Naval Reserve Forces Command
  1937-1938, USS Concord (CL-10)
  1939-1940, USS Arkansas (BB-33)
  1940-1941, NAVSUBASE New London/Groton
  1941-1941, Supervisor of Shipbuilding Conversion and Repair (SUPSHIP) Groton, CT
  1941-1944, USS Gar (SS-206)
  1944-1944, Portsmouth Navy Yard
  1944-1946, USS Tirante (SS-420)
  1946-1946, Office of Naval Research (ONR)
  1946-1948, USS Requin (SS-481)
  1949-1951, Joint Forces Staff College/Armed Forces Staff College (Faculty Staff)
  1951-1952, USS Holder (DDE-819)
  1952-1953, Submarine Division 62
  1953-1956, CNO - OPNAV
  1956-1958, Commander-in-Chief, US Atlantic Fleet (CINCLANTFLT)
  1958-1959, USS Fremont (APA-44)
  1959-1961, Massachusetts Institute of Technology (MIT) NROTC (Cadre)
  1962-1964, Naval War College (Staff)
  1964-1966, Pacific Reserve Fleet (PACRESFLT) Mare Island, CA
 Combat and Non-Combat Operations
  1942-1942 USS Gar (SS-206)/USS GAR (SS-206) 1st War Patrol
  1942-1942 USS Gar (SS-206)/USS GAR (SS-206) 2nd patrol
  1942-1942 USS Gar (SS-206)/USS GAR (SS-206) 3rd patrol
  1942-1942 USS Gar (SS-206)/USS GAR (SS-206) 4th patrol
  1942-1943 USS Gar (SS-206)/USS GAR (SS-206) 5th patrol
  1943-1943 USS Gar (SS-206)/USS GAR (SS-206) 7th patrol
  1943-1943 USS Gar (SS-206)/USS GAR (SS-206) 8th patrol
  1943-1943 USS Gar (SS-206)/USS GAR (SS-206) 9th patrol
  1943-1944 USS Gar (SS-206)/USS GAR (SS-206) 10th patrol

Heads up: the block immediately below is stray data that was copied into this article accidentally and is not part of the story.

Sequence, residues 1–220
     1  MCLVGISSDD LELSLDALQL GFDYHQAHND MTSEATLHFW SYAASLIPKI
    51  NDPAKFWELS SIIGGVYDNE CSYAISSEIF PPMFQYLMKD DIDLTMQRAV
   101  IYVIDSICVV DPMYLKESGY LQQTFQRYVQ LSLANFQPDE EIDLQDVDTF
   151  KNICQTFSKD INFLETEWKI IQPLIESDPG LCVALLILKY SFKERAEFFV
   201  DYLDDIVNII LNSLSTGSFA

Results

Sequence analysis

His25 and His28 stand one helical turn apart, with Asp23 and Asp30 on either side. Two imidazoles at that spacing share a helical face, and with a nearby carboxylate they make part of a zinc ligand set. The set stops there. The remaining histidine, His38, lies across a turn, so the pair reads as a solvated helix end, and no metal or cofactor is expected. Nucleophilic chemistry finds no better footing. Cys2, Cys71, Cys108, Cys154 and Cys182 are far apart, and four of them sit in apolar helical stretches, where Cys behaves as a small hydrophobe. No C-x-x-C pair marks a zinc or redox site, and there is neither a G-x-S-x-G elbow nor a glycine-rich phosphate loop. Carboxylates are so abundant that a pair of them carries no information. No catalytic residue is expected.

1945-1945 USS TIRANTE (SS-420) 1st patrol4
  1945-1945 USS TIRANTE (SS-420) 2nd patrol
  1945-1945 USS TIRANTE (SS-420) 3rd War Patrol
  1958-1958 Operation Bluebat (Lebanon)
 Colleges Attended 
United States Naval AcademyArmed Forces Staff CollegeNaval War College
  1933-1937, United States Naval Academy1
  1948-1949, Armed Forces Staff College
  1955-1956, Naval War College
 Other News, Events and Photographs
  Jun 03, 1937, Commissioned as Ensign
  Jun 03, 1940, Promoted to Lieutenant Junior Grade
  Jan 02, 1942, Promoted to Lieutenant
  Jul 01, 1943, Promoted to Lieutenant Commander
  Jul 20, 1945, Promoted to Commander
  Jul 01, 1955, Promoted to Captain
  Jan 01, 1966, Retired1
  Mar 15, 2000, Burial at Arlington2
  Jun 30, 2020, General Photos
 Military Associations and Other Affiliations
Medal of Honor RecipientsWWII Memorial National RegistryUnited States Navy Memorial
  2020, Medal of Honor Recipients - Assoc. Page
  2020, WWII Memorial National Registry
  2020, United States Navy Memorial - Assoc. Page